Democratic front-runners Barack Obama and Hillary Clinton sparred yesterday over who has the most fund-raising potential for the battle ahead, as Obama suggested that he will soon retaliate against Clinton's sharpened attacks.
A day after Clinton's unexpected comeback win in New Hampshire, both campaigns claimed momentum as they started the next leg of what is likely to be a long, costly, and possibly divisive race for the Democratic nomination.
On Tuesday, Clinton rebounded from her defeat last week in Iowa after she and her husband, Bill Clinton, suggested there was little substance behind Obama's inspirational calls for change. Yesterday, Obama indicated he would respond in kind.
"I think that Senator Clinton, obviously, is a formidable and tough candidate, and we have to make sure that we take it to them just like they take it to us," Obama said on MSNBC. "I come from Chicago politics. We're accustomed to rough and tumble."
The Democratic field is likely to narrow further, with the Associated Press reporting that Governor Bill Richardson of New Mexico, who finished fourth in both Iowa and New Hampshire, plans to drop out today.
John Edwards, who came in a distant third in New Hampshire but edged Clinton for second in Iowa, held a rally yesterday in South Carolina, the state of his birth, where he is far behind Clinton and Obama in the polls but where he is putting his greatest hopes.
With the need for new fund-raising intensifying as the campaign widens across the country, Obama's campaign trumpeted having raised $8 million in the first eight days of the year. Within hours, the Clinton campaign announced that it had raised $3 million so far this year and had pledges for $5 million more.
Clinton raised slightly more money for the primaries than Obama in the last three months of 2007, $24 million to $22.5 million, and her campaign said it had more than $25 million in the bank at the end of the year. The Obama campaign did not disclose a cash-on-hand total.
Although both campaigns were still working to retool their strategies following the New Hampshire results, Obama's campaign boasted of its strength in Nevada and South Carolina, the only two states where the Democrats are competing before the Feb. 5 mega-contest that includes 22 states.
The senator from Illinois won the key backing yesterday of the 60,000-strong union representing Nevada's casino workers, which is considered the best organizing machine in the state and thus crucial to the outcome of the Jan. 19 caucuses, the next contested race for Democrats. In addition to the casinos' Culinary Workers Union, the Nevada chapter of Service Employees International Union also endorsed him yesterday.
Obama is also looking increasingly strong in the polls in South Carolina, where a majority of voters in the Jan. 26 primary are expected to be African-American.
In contrast, even as Clinton communications director Howard Wolfson told reporters that she would "compete vigorously" in every state and Clinton planned a trip today to Nevada, the campaign appeared to be focusing on the delegate jackpot on national Super Tuesday.
The campaign organized a conference call for reporters with members of Congress from states that will be voting that day, to talk up the New York senator's standing in their delegate-rich states.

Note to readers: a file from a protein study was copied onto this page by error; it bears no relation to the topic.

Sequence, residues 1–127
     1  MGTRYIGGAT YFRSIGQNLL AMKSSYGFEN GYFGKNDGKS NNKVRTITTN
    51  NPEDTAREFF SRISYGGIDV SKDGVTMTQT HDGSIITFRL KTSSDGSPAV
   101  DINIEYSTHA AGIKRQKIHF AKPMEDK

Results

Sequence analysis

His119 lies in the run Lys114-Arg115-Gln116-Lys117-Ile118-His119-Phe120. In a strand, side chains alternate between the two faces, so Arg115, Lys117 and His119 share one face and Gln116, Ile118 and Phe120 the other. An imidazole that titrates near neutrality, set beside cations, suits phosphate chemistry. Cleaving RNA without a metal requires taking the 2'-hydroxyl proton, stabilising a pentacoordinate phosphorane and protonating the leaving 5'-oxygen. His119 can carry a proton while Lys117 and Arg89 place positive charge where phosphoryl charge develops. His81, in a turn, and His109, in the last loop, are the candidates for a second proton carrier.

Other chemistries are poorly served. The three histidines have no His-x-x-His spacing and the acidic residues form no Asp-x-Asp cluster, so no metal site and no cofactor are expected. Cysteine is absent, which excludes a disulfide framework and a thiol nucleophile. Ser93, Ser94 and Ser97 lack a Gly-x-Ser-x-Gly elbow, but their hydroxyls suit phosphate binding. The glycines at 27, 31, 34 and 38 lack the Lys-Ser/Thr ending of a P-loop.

The voting methods used in the different states on Feb. 5 could help determine who wins.
Obama's camp asserted that the enthusiasm of its supporters would be particularly valuable in the seven states with caucuses, which demand more time and commitment from participants.
Clinton, on the other hand, could be better positioned in the eight states that allow only registered Democrats to vote, since Obama has done significantly better among independents and Republicans so far.
The Clinton camp was buoyant after having pulled off the narrow New Hampshire win in defiance of polls that had predicted a possible double-digit loss.
"Momentum is clearly on our side," said Clinton national campaign chairman Terry McAuliffe. "Voters across the country are going to see what New Hampshire voters saw."
But Jamal Simmons, a Democratic consultant unaffiliated with either campaign, said that while Clinton clearly had gathered momentum from her come-from-behind New Hampshire win, it might not last until Nevada.
"If you look at what happened this week, Barack Obama's bounce [from Iowa] clearly did not last through New Hampshire over the course of five days," he said. "So over the course of 11 days, you could certainly see that bounce wear off."
Clinton took a break from the campaign trail yesterday to stop at her home in Chappaqua, N.Y., and then go to the campaign's headquarters just outside Washington, D.C., to thank her staff.
Her staff took advantage of the New Hampshire win to fish for more cash, revving up 500 fund-raisers on a conference call made available to reporters.
Obama, meanwhile, attended a luncheon fund-raiser at the State Room in Boston and later held a rally in New Jersey. He was scheduled to campaign in South Carolina today and then in Nevada tomorrow to accept the Culinary Workers' endorsement.
Obama's comments yesterday about "rough and tumble" politics, and the apparent success of Clinton's attacks in New Hampshire, suggested the race may get considerably nastier before the nomination is decided.
But Democratic Party activists and political analysts said they had little concern that any acrimony would prevent the party from uniting for the general election - especially if the nomination is determined on Feb. 5.
"I think there will be time to heal wounds," said Hans Noel, a political scientist at Georgetown University.